Hospitals that provided the majority of care to uninsured patients in New York City received a minority of state dollars aimed at compensating hospitals for such care, says a new report by the New York State Health Foundation.
The report raises questions about equity in the distribution of public funds to compensate hospitals for providing care to patients that cannot pay. It also bolsters a frequent claim from safety-net hospitals that those serving the country's sickest and poorest patients operate under systemic disadvantages.
“We're still underpaying the safety net hospitals,” said Roosa Tikkanen, the lead author of the study who is now a policy analyst at the University of Massachusetts Medical School but was a research assistant at City University New York Hunter College at the time of the study. Although a few years ago the state tried to reform its hospital payment formula, "it's not going as fast as we'd like," she said.
The 10 hospitals that provided the most services to uninsured patients in 2013 provided anywhere from 94,000 to 187,000 services to patients, the report found, based on 2015 data from the New York State Department of Health. ICP payments these hospitals received ranged from $4 million to $64 million, or from $39 to $593 for each service provided. Eight of the 10 hospitals were public providers, and caring for the uninsured constituted 15% to 33% of their total volume.
The opposite held true among the ten hospitals that provided the fewest services to uninsured patients. Eight were private hospitals, and two were academic medical centers, meaning that none of them were public institutions. They provided from 90 to 10,000 uninsured services in 2013, receiving between $500,000 and $12.7 million from the indigent care pool, or from $2,000 to $13,000 per service. This care represented 1% to 9% of these hospitals' total services.
The report used specific examples to illustrate vast discrepancies in indigent care payments from hospital to hospital. The pool was initially called the "hospital bad debt and charity care pool," according to the Greater New York Hospital Association. Today, it distributes more than $1.1 billion to hospitals throughout the state of New York.
Memorial Sloan Kettering Cancer Center, an academic center, provided fewer than 900 uninsured services, the report said, yet it received $5 million more in indigent care payments than Elmhurst Hospital in Queens, part of the public NYC Health & Hospitals Corporation. Elmhurst provided more than 187,000 services to uninsured patients, more than any other hospital in the city.
“This imbalance has a greater negative impact on public hospitals' finances,” the researchers wrote, citing the fact that losses from caring for the uninsured constituted a much greater share of net revenues and operating expenses for public hospitals than private ones. As a result, public hospitals depended more heavily on supplemental payments such as the indigent care pool. Yet the report indicated their share of such payments is minimal, relative to the care they provide.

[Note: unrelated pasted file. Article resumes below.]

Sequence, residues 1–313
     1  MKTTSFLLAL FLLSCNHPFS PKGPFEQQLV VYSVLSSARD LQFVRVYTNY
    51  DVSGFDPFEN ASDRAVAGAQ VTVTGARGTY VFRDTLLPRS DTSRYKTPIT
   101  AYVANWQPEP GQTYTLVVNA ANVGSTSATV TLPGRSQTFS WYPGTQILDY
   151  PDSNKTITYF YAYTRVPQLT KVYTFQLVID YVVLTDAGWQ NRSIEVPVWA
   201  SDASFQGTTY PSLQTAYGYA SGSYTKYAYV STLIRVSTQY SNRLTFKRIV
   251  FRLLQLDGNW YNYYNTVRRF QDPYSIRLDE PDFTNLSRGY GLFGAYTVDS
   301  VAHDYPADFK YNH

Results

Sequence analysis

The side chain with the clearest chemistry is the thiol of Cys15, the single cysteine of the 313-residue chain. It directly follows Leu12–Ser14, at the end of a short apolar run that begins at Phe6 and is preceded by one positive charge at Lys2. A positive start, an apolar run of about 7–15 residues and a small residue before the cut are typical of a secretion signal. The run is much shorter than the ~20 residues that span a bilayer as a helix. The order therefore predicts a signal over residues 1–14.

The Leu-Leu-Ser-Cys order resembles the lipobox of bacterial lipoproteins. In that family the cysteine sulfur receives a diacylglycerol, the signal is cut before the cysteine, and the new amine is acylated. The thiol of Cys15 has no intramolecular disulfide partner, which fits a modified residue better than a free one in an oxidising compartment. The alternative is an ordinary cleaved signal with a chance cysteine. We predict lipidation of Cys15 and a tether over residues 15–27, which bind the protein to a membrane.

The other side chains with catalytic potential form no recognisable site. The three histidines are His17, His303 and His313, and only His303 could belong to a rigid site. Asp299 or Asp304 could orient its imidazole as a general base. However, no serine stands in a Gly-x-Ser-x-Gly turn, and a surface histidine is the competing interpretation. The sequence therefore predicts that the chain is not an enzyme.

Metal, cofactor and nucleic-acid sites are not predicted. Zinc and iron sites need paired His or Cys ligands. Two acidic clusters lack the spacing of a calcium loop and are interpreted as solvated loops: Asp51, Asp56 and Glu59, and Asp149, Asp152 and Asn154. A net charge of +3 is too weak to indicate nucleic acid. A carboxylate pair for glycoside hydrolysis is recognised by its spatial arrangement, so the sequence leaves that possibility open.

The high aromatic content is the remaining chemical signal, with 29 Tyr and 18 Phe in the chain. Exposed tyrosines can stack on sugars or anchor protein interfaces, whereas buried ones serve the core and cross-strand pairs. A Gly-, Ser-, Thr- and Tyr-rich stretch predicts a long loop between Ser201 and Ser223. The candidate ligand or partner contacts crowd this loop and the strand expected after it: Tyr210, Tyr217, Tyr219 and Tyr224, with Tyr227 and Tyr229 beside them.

“This report raises important questions about funding equity related to charitable care," New York City Health & Hospitals said in a statement. "Compounding this longstanding inequity is the repeal threat to the Affordable Care Act, which would increase our financial challenges and put in jeopardy our ability to provide quality health care for the people who need it most.”
Efforts by a Republican-led Congress and the Trump administration to repeal the Affordable Care Act are underway. New York state has projected that 1 million people would suffer a "significant loss" of healthcare coverage under those repeal plans. Already, public safety-net hospitals in New York face an operating deficit of $1.8 billion in the next few years.
In aggregate, New York City's 12 public hospitals provided 58% of uninsured care in 2013, but they received just 15% of total ICP payments, the report found. For comparison, private hospitals providing the remaining 42% of uninsured care received 85% of ICP payments.
One explanation for these imbalances is the way that ICP payments are calculated. The total amount of ICP payments to public hospitals is capped by law at one-seventh of the statutory amount allocated to private hospitals. The current methodology used to calculate that amount in turn remains linked to an older methodology under which the pool could reimburse hospitals for bad debt. Vestiges of the older methodology linger because of a Transition Payment Formula that very gradually phases in the newer methodology, which more closely ties ICP payments to the uninsured care a hospital actually provides.
This system effectively creates a payment floor for private hospitals and a payment ceiling for public ones, the report said. Private hospitals are compensated “in excess” of the uninsured care they provide, while “ICP payments to public hospitals are far below these hospitals' actual uncompensated care need,” amounting to average losses $36 million each for public hospitals.
“Preserving and strengthening safety-net hospitals is in everyone's interest,” the researchers wrote in their conclusion. “Hospitals in New York City and elsewhere face an uncertain future,” they noted.
They suggested that New York accelerate its Transition Payment Formula, to free up funds for hospitals that need those dollars most, and that the state cap ICP payments based on the uncompensated care they actually provide. The state could also limit participation in the indigent care pool altogether, or set a minimum for the community benefits a hospital provides.
Otherwise, existing health disparities between whites and minorities, rich and poor would worsen, they warned, and “the city's safety-net hospitals may become increasingly unable to provide high-quality care to its most vulnerable residents.”